Where it does kind of lack, however, is in the "trippy visual" department, which was one of the calling cards of the first film. I toyed with actually going to see this in 3D, and I'm glad I ultimately opted for 2D (especially since my left contact was bugging me the entire time, goddamnit) as there was only really one big sequence that would have been fun to watch with the added immersion (you've seen a snippet in the trailer, when Strange's face is turning into blocks - it's part of a montage of him and America rapidly traveling through several universes). Strange's powers here are more of the "make a shield" or "wave my hands around and pull something out of nowhere" variety, without any of the city warping kinda stuff that was seen throughout the first film (though there is an out of nowhere bit involving sheet music that, for me, made up for it, but I know will have some people whining almost as much as they do about "emo Peter"). So if that was a big part of the first film's appeal for you, you might be disappointed to see it more or less replaced with the horror elements. Likewise, Chiwetel Ejiofor does return as Mordo, but in a variant form that is still an ally, so his promise as a Big Bad at the end of Strange 1 remains unfulfilled for now.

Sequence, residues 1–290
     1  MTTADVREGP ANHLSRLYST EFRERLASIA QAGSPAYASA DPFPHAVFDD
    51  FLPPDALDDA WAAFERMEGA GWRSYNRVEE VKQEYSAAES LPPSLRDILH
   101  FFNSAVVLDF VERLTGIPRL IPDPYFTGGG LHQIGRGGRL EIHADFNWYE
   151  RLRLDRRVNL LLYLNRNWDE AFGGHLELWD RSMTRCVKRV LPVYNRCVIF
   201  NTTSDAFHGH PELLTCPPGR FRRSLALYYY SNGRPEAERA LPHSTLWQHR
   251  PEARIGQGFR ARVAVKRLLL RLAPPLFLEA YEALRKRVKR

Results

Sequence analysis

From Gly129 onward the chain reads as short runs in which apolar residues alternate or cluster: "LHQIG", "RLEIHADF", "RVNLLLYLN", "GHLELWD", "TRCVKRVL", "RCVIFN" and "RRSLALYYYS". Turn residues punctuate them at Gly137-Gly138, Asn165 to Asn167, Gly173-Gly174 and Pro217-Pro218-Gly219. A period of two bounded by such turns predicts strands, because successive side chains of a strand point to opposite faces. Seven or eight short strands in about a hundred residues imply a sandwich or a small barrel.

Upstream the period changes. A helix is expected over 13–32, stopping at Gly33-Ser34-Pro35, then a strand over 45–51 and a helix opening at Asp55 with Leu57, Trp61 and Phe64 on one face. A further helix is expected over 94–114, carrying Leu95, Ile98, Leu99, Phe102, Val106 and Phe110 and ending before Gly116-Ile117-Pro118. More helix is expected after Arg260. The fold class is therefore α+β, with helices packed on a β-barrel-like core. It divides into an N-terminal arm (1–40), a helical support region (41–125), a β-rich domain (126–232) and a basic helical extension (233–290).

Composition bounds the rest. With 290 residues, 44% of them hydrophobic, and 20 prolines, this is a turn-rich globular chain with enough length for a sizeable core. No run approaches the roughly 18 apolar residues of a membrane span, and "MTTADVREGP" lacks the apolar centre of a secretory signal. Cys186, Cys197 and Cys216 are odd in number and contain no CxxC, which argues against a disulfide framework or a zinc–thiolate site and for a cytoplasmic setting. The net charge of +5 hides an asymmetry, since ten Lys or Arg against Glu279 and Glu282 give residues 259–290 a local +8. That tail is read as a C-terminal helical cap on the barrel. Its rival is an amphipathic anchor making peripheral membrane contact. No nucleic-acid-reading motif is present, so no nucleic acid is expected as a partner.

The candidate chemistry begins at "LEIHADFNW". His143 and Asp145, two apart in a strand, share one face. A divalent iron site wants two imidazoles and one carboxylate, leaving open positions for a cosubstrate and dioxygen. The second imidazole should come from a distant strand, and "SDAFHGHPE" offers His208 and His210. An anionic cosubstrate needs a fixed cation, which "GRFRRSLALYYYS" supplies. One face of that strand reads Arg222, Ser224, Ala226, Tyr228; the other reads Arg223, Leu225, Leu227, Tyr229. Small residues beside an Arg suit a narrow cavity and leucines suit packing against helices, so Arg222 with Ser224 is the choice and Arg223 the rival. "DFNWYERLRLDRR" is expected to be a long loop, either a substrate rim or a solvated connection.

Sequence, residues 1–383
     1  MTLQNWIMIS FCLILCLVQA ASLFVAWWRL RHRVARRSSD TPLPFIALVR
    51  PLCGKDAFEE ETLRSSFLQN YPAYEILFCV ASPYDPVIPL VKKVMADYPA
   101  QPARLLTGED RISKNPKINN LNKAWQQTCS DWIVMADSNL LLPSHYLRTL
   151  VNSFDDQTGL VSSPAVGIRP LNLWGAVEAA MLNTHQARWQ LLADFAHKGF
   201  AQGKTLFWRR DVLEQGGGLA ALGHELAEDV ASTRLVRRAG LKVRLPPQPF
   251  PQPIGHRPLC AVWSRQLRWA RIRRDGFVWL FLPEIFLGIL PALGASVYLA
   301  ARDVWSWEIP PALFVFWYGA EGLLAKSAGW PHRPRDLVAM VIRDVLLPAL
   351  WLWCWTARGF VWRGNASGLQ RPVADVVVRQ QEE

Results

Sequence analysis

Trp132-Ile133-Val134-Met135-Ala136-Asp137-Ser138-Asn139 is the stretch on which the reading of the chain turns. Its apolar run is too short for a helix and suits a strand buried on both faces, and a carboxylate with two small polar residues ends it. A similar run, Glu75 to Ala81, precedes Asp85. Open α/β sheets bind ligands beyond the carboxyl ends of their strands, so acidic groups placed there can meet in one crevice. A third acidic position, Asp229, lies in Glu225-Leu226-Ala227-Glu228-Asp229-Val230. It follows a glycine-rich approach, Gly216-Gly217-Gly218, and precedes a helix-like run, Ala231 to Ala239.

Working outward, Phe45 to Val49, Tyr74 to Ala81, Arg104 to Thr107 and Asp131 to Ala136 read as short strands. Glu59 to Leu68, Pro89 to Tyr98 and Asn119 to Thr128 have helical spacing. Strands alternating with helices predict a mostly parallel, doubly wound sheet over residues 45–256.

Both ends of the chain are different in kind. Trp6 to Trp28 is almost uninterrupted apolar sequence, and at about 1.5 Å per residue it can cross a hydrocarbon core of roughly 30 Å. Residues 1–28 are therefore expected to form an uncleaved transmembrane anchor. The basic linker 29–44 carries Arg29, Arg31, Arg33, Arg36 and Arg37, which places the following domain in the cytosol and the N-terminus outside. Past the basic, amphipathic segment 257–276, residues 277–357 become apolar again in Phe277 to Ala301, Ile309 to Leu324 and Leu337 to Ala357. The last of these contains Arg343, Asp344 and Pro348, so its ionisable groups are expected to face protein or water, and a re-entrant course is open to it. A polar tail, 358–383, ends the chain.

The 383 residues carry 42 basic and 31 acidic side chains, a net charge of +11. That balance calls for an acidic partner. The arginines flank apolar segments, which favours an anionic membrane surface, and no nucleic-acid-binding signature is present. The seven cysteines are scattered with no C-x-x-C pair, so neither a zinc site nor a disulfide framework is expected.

The other thing that might disappoint folks is that you really probably should watch WandaVision, as Wanda's character won't really make sense to you if the last you saw her was at the end of Endgame. The movie wastes no time with turning her into a villain; I thought it'd be a mid-movie shift but nope, Strange goes to her for help once he realizes witchcraft might be involved, and within the same conversation realizes she's actually the one who is trying to get America's powers (which will kill her) in the first place. And her whole thing is about her kids, who, of course, didn't exist in the previous MCU movies. It won't be incomprehensible or anything, but the movie sure does assume you've seen them and spends little time recapping WandaVision's storyline for those who may have missed it, which might be a constant distraction when you're used to Wanda being on the good side of things. Ultimately, it's kind of weird that if you're a Raimi fan who isn't Marvel-versed and want to have context for what you're about to see, it's probably more important to watch WandaVision and No Way Home than it is to watch the first Doctor Strange movie.